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[Reminder] Explorations of Childhood in Nineteenth Century Working Class Life Writing (PAMLA, San Diego, CA, Nov 1-3, 2

updated: 
Thursday, March 21, 2013 - 4:53pm
Pacific Ancient and Modern Language Association

This panel is designed to examine ideas of childhood based on the life writing of working class people. The life writing could include autobiographies, diaries, letters, and/or compilations of life writing fragments. How is child labor/schooling discussed in life writing from working class individuals? How are ideas of childhood vs. adulthood altered through the necessities of class and work? Questions such as these can highlight how ideas of childhood are frequently tied to middle class identity and development, especially during the nineteenth century. A comparison can be made between working class presentations in fiction as opposed to life writing.

GLOBAL RESEARCH JOURNAL ON HUMANITIES AND SOCIAL SCIENCE,V1,N1

updated: 
Thursday, March 21, 2013 - 10:53am
INTERNATIONAL EDUCATIONAL RESEARCH CENTRE

Global Research Journal On Humanities And Social Science is an international peer-reviewed academic research journal, which has a interdisciplinary approaches. The journal serves as a forum for review, reflection and discussion informed by the results of recent and ongoing research in the field of Humanities and Social sciences. It adopts a broad-ranging view of Humanities and Social Sciences, graphing new questions and new research, and mapping the transformation of humanities and social sciences in the years to come. GRJHSS is interdisciplinary bringing together articles from a textual, philosophical, and social scientific background, as well as from cultural studies.

CFP: Bicycles / Bicycling in Literature and Culture, edited collection (proposals 8/1/13, essays 2/1/14)

updated: 
Wednesday, March 20, 2013 - 11:51pm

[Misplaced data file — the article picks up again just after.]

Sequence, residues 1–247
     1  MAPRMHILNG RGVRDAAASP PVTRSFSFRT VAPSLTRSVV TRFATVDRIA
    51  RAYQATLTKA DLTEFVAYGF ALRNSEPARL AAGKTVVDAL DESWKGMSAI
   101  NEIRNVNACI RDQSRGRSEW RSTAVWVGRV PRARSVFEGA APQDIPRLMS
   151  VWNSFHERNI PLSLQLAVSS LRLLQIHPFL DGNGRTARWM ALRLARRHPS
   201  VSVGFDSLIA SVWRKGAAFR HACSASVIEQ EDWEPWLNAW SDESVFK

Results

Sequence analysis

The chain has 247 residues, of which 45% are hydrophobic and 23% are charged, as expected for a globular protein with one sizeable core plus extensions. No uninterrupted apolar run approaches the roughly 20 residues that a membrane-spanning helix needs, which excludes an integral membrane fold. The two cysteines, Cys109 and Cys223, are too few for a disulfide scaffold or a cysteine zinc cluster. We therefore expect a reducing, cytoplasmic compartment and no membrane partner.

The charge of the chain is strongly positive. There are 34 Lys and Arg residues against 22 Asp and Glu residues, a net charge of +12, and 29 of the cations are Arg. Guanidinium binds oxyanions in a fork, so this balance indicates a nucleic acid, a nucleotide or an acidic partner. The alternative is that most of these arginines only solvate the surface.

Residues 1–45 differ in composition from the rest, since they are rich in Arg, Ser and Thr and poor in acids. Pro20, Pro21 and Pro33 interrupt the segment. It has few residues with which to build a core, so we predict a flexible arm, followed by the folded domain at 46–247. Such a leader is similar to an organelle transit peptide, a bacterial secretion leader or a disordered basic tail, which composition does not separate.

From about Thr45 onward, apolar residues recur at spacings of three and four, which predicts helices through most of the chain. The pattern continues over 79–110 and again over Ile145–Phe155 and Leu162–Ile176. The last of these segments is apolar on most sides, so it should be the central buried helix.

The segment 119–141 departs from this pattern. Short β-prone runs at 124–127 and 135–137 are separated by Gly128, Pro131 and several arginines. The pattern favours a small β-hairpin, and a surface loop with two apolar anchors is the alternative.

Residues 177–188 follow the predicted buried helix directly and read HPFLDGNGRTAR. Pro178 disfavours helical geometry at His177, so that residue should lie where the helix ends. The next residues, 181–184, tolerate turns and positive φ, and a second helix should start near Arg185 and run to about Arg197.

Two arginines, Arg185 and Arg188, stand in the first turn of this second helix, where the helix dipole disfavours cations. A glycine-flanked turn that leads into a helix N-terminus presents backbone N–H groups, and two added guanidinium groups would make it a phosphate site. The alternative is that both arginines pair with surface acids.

Jeremy Withers and Daniel Shea, Editors of Collection on Bicycles in Literature and Culture

The American author Charles Morley once said: "The bicycle, the bicycle surely, should always be the vehicle of novelists and poets." As Morley's quote suggests, many people have perceived an intimate connection between cycling and literature, and this edited collection aims to further reflect on that relationship between bicycles and art. We are seeking interdisciplinary essays from scholars interested in analyzing the role and significance of the bicycle in the novels, poems, short stories, plays, memoirs, films, television shows, songs (etc.) of the 19th, 20th, and 21st centuries. Essays on texts other than literature and mass media will be considered, so long as they are primarily still engaging in textual or literary analysis.

The Weird: Fugitive Fictions/Hybrid Genres

updated: 
Wednesday, March 20, 2013 - 9:17am
Birkbeck & Institute of English Studies / University of London

Friday 8 November 2013
Institute of English Studies, Senate House, University of London

(+ Thursday 7 November: evening event / weird fiction reading: details tbc)

A one day research conference in association with the Centre for Contemporary Literature, Birkbeck, exploring the weird literary tradition and the many facets of weird writing. Keynote speakers: S. T. Joshi & Roger Luckhurst.

CALL FOR PAPERS:

(Re)Presenting the Archive [Update - Registration OPEN]

updated: 
Tuesday, March 19, 2013 - 8:32am
University of Sheffield, UK

In a Higher Education context where originality in research is increasingly valorised, what place is there for explicitly re-presentational practices such as scholarly editing and curating?

[UPDATE] Is It All About the Text? Reading, Writing, Teaching, Technologizing, Theorizing

updated: 
Monday, March 18, 2013 - 6:39pm
Annual Graduate English Conference at Southern Connecticut State University

Is It All About the Text? Reading, Writing, Teaching, Technologizing, Theorizing

Annual Graduate English Conference at Southern Connecticut State University--Saturday, April 20, 2013

Conference Organizer: Dr. Vara Neverow
neverowv1@southernct.edu

Southern Connecticut State University
New Haven, CT

Saturday, April 20, 2013
9:00 a.m.-4:30 p.m.
English Department
Engleman Hall
(D-Wing)

Is It All About the Text?
Reading, Writing, Teaching, Technologizing, Theorizing

[UPDATE] CFP Deadline Approaching: Neo-Victorian Villainy Symposium

updated: 
Monday, March 18, 2013 - 4:55pm
Department of Theatre, Film and Television, University of York, UK

Neo-Victorian Villainy:
Adaptation and Reinvention on Page, Stage and Screen
25th May 2013

Submission deadline: 24th March 2013

This one-day symposium aims to facilitate cross-disciplinary discussion between scholars in Film, Theatre, Television, Neo-Victorian Studies, Literature, Adaptation Studies, and Fan and Popular Culture Studies. At its heart is the research question:

In what ways do modern representations of the villain in popular culture draw on the popular culture and iconic villains of the Victorian period?

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